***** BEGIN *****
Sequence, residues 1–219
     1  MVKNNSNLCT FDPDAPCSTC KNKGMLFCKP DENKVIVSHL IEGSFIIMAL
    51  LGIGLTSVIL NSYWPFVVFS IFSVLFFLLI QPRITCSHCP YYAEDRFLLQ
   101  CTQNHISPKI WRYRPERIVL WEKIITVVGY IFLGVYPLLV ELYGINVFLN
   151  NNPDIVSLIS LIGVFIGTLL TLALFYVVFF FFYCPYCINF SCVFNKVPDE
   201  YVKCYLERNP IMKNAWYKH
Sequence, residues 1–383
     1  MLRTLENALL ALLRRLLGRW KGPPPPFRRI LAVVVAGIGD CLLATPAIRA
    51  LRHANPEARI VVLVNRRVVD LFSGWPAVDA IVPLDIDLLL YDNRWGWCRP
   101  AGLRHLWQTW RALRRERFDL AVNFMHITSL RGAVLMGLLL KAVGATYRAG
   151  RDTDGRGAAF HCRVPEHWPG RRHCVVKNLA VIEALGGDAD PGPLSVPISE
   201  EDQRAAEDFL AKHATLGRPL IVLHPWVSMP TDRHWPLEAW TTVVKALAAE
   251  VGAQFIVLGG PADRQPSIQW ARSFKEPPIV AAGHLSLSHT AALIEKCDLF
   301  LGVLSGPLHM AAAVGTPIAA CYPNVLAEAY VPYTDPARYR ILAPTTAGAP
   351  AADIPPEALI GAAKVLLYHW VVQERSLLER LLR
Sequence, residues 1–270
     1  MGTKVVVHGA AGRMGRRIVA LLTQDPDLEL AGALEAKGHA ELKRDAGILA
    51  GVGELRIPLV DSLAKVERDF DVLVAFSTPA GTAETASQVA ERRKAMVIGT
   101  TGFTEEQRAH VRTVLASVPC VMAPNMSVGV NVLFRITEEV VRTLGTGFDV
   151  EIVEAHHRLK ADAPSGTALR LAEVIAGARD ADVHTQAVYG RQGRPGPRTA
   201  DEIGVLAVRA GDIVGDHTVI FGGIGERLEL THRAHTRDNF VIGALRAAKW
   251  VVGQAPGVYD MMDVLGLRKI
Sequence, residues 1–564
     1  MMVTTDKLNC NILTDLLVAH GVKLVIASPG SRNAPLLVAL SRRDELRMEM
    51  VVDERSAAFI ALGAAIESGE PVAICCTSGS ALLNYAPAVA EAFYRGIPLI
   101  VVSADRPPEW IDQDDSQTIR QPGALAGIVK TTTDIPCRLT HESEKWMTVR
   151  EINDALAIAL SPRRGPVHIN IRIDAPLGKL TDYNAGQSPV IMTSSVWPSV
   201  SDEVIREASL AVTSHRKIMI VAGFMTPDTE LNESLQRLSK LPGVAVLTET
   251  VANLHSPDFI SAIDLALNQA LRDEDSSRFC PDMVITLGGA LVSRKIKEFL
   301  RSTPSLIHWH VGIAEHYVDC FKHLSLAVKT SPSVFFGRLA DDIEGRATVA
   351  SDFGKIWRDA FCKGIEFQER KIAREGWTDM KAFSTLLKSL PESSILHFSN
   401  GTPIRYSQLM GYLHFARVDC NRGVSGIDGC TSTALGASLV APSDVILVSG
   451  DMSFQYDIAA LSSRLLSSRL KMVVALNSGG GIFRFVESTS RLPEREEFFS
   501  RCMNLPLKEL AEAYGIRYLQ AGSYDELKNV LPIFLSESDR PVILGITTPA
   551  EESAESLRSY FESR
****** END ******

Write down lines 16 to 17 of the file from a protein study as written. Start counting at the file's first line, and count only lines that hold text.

Sequence, residues 1–270
     1  MGTKVVVHGA AGRMGRRIVA LLTQDPDLEL AGALEAKGHA ELKRDAGILA